Want to live in a quieter home? Read this article for some great ideas on how to tone down the hubbub both inside and outside your house. From noisy plumbing to raucous neighbors, we'll show you how to create the peace and quiet we all want in our homes.
The continuous, tight bead of caulk on the side of the window blocks noise, while the uncaulked lower edge lets sound enter unabated.
Because of its greater mass, the poured concrete lower wall is less prone to vibrate and will block more sound than the lightweight upper wall—even when insulated.
The small cork or rubber pad helps isolate the vibration of the washing machine (right), while the dryer leg resting directly on the floor passes vibration (and noise) on.
Diminish noise levels using a variety of techniques, including sealing off airborne sound paths, adding mass to walls and isolating sounds generated via the plumbing and heating systems.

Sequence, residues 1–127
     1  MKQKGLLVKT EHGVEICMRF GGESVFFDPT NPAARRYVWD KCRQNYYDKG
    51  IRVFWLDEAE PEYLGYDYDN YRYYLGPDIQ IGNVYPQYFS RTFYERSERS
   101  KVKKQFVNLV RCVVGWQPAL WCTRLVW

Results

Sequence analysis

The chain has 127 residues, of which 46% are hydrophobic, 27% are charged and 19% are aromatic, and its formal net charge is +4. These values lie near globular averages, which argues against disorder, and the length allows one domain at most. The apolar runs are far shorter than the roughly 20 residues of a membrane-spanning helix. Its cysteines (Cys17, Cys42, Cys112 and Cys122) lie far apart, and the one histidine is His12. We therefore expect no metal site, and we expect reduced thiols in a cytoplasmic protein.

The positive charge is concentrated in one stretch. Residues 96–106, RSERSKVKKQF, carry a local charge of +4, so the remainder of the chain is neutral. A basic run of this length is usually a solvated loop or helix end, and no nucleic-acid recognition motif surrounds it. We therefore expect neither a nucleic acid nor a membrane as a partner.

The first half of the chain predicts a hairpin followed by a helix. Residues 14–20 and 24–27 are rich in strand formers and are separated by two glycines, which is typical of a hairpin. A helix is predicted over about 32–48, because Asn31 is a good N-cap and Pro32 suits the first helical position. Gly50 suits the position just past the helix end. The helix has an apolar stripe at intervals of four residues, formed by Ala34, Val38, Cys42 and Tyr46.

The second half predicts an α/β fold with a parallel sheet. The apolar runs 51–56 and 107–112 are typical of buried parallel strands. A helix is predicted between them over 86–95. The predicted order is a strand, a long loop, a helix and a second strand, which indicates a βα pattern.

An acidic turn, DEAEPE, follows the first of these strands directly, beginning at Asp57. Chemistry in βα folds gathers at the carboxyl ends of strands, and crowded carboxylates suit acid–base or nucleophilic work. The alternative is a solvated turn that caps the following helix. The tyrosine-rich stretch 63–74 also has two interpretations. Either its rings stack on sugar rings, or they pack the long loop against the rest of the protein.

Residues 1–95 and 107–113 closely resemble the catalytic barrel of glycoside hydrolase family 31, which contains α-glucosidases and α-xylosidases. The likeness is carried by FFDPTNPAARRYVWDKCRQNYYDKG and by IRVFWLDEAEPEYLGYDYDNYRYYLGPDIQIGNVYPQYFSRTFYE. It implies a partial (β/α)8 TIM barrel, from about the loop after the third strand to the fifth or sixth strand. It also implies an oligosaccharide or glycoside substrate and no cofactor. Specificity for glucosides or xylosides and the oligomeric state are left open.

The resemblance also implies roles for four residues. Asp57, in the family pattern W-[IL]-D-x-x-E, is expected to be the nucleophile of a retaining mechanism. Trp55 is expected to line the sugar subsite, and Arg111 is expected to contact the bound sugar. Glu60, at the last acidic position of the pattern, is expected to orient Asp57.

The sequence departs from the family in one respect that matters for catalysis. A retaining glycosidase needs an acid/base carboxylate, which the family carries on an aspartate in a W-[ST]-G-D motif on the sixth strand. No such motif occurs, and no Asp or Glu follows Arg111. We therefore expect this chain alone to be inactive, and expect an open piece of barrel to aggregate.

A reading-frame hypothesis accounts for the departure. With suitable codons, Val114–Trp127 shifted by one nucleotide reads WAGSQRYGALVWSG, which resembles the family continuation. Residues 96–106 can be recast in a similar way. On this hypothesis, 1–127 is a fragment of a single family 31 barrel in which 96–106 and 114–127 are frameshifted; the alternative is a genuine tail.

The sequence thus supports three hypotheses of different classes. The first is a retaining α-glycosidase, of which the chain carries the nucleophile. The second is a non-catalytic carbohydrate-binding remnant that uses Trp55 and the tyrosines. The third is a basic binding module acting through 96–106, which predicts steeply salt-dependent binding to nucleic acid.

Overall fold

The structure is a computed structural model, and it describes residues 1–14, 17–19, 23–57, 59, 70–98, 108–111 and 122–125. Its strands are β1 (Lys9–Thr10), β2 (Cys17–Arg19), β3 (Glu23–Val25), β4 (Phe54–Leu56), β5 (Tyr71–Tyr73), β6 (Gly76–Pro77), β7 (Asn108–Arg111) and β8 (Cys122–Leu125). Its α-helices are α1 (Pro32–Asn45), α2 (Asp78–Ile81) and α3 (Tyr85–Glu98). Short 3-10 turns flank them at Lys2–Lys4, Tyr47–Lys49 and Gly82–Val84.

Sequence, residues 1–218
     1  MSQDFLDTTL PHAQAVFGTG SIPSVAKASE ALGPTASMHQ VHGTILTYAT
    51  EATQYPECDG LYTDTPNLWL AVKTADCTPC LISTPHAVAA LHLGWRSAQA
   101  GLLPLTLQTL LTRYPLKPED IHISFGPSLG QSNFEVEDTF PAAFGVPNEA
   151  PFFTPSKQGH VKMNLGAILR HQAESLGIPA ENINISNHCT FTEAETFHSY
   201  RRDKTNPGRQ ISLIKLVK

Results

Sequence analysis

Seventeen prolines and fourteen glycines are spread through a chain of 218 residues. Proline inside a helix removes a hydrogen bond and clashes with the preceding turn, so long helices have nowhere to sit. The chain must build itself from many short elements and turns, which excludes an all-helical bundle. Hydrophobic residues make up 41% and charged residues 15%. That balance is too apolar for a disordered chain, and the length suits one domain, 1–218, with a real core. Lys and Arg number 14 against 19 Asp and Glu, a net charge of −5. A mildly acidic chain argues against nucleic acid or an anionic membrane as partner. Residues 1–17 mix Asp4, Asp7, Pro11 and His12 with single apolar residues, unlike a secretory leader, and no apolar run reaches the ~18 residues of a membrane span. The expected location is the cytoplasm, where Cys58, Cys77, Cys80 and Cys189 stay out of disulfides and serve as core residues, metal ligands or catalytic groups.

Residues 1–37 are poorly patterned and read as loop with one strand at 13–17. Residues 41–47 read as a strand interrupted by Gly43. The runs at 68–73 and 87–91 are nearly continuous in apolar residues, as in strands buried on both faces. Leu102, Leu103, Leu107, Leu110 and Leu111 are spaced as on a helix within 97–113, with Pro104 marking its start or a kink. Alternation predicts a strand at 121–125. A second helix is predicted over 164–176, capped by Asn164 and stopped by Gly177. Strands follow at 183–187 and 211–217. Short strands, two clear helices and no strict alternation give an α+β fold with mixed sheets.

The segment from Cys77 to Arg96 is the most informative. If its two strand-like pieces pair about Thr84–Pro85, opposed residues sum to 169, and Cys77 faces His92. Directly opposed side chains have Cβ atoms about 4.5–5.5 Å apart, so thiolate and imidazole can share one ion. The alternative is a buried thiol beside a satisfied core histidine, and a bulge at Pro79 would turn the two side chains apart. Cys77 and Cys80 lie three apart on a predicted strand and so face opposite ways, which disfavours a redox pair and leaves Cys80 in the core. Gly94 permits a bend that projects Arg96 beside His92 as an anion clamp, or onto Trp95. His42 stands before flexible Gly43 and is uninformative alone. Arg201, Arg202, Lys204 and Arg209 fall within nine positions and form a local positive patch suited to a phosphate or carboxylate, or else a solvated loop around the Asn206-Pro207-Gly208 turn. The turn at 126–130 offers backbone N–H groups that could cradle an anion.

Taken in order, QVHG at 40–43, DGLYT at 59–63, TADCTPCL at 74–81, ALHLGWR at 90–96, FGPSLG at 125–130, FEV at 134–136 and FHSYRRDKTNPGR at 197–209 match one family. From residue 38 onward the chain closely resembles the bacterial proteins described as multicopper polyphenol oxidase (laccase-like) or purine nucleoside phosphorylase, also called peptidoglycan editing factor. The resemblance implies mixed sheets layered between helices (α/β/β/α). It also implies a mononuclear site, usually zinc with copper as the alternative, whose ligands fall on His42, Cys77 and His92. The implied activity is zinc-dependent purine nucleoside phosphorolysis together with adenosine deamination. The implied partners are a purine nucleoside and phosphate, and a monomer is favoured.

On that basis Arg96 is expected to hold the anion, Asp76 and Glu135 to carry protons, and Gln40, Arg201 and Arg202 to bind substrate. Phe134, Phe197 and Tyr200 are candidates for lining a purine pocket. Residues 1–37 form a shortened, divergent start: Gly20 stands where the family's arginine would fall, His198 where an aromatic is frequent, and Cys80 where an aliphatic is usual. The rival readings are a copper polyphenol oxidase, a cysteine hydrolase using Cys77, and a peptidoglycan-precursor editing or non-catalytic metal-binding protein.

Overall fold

Noise is simply airborne vibration. What we perceive as noise traveling “through” a wall or other object is actually sound waves causing the wall to vibrate, then this vibrating wall making the air on its other side vibrate. Regardless of how it travels, noise reaches its final destination— our ears—as airborne sound. That’s what ears are, vibration receivers. Since noise travels primarily through air, the best way to block it is to put something in its path. To be most effective at blocking sound, the material needs three qualities. It should be gapless (Fig. B), since sound will sneak through even the smallest cracks and holes. It should have a lot of mass (Fig. C), so it’s less prone to vibrate and pass noisy vibrations on to its other side. And last, it should help isolate sound (Fig. D) so vibrations aren’t directly passed on from one object or place to another. There are a few other facts (and misconceptions) about noise that are important to understand.
The concepts are pretty simple. But things start getting complicated when we apply these ideas to our houses.
Noise travels easily through gaps, cracks and lightweight building materials that lack mass. The homeowner on the left, with brick siding, snug-fitting storm windows, a well-caulked exterior and other sound-blocking measures, will wake up better rested and a lot less crabby than the guy on the right.